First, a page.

Since the World Humanitarian Summit in May there has been increasing talk about the localisation of humanitarian responses.
The first thing to note is that when we talk about localisation, what we are really talking about is the localisation of leadership and control of funding. When emergencies are responded to, it has always been affected communities themselves that are doing the bulk of the work to preserve life and livelihoods.
It is not as though international actors do all of the humanitarian work and that work needs to be increasingly passed on to local groups or communities. In terms of who does the work, emergency response has always been localised.
What we are talking about is leadership and control of funding.
At the moment only a tiny fraction of international humanitarian funding goes to local organisations. The Global Humanitarian Assistance report from last year says that ‘of total international humanitarian assistance, only 0.2% went directly to local and national NGOs and 3.1% to the governments of affected states’.
Out of every 1000 kyat of donor funding for emergencies, only 2 kyat goes directly to local groups.
How this money is spent is then overwhelmingly determined by UN agencies and international NGOs, who take the key leadership roles. Yet it is also more than just money. Systems of coordination and information gathering are also dominated by UN agencies and international NGOs.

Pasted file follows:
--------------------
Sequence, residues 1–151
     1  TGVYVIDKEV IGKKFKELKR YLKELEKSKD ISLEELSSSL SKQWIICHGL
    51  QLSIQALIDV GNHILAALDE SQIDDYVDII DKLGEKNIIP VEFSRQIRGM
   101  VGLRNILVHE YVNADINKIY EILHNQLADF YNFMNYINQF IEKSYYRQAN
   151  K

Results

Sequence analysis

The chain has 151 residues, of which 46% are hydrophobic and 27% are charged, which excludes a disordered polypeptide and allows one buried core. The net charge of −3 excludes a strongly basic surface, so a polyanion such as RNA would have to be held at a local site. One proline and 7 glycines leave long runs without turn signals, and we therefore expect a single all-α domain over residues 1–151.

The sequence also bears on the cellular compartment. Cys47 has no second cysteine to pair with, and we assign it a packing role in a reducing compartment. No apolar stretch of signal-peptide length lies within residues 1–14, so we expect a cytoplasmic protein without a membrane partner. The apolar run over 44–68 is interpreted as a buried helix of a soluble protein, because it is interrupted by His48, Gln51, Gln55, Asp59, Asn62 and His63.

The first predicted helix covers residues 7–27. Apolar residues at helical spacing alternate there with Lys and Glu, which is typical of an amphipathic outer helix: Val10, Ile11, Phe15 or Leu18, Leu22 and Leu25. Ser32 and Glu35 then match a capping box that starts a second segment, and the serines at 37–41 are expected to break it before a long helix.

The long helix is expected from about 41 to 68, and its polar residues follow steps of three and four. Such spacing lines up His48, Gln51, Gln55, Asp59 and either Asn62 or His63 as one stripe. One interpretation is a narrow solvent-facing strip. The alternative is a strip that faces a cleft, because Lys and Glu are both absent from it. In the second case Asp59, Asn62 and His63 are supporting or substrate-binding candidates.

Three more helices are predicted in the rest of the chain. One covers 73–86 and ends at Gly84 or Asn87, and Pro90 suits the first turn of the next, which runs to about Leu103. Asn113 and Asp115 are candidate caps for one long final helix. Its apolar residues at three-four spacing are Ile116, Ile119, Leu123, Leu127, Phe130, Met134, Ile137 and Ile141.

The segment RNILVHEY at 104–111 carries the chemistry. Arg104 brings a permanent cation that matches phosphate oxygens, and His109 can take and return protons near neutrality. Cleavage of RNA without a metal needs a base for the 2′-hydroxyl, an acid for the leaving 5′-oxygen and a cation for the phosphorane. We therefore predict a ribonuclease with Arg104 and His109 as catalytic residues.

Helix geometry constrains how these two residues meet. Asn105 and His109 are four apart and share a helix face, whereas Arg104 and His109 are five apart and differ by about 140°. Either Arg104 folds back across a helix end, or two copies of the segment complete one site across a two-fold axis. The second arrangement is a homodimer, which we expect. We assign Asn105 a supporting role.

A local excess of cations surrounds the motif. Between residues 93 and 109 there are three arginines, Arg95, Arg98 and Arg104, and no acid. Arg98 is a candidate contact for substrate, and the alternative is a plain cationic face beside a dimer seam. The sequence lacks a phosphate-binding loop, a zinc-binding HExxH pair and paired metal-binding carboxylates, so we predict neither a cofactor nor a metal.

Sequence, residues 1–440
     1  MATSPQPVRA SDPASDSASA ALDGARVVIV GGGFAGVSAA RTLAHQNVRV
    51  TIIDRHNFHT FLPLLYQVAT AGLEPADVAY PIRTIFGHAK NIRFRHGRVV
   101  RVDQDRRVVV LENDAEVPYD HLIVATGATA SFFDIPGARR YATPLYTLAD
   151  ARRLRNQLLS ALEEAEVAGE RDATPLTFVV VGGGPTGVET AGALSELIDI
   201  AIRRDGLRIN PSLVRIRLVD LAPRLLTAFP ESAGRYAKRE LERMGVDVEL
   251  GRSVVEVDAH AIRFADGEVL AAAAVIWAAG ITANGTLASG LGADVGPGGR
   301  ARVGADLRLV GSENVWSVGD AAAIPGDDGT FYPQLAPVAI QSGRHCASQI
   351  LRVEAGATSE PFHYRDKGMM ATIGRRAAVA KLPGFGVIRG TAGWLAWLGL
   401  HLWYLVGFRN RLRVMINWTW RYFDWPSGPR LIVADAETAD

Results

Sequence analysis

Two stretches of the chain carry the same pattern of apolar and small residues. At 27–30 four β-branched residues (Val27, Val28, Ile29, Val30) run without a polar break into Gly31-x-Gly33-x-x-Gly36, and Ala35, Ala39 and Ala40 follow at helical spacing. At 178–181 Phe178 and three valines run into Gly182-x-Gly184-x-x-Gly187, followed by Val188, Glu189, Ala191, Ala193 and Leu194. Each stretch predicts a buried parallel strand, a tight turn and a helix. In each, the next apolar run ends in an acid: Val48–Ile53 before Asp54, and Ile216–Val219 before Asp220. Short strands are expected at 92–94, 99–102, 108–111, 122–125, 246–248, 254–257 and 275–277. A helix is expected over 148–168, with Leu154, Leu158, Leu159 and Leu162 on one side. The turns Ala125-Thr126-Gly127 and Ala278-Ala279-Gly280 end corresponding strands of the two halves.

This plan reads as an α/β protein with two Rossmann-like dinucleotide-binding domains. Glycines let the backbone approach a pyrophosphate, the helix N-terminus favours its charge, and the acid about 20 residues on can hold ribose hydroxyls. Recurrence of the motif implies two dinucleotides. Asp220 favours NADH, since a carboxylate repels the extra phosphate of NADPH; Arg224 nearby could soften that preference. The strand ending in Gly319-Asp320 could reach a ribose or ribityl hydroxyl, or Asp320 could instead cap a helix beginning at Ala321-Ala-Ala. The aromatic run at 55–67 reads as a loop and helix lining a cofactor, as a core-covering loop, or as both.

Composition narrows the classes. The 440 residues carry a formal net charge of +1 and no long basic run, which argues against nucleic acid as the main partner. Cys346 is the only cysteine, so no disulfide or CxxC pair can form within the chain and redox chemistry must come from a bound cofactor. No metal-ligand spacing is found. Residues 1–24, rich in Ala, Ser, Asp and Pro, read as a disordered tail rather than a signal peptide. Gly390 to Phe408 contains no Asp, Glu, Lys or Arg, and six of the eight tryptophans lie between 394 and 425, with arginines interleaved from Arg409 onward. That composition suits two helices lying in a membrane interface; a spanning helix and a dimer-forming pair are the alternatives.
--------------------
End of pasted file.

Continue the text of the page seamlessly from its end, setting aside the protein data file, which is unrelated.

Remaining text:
What does local leadership mean in this context? What are the obstacles to more locally led emergency responses?
Yet from the other side, is more localisation in the humanitarian sector necessarily a good thing? Would responses be more or less effective if they were more locally led?
In the coming weeks, especially around World Humanitarian Day on August 19, we will be looking at this question of how emergency response can be more locally led. We will be speaking to people in international NGOs, UN agencies and local groups about what they think ‘localisation’ means in Myanmar.
And we want you to be part of the conversation too.
Follow the hashtag #CharterforChange and the PK Forum in the next couple of weeks and have your say.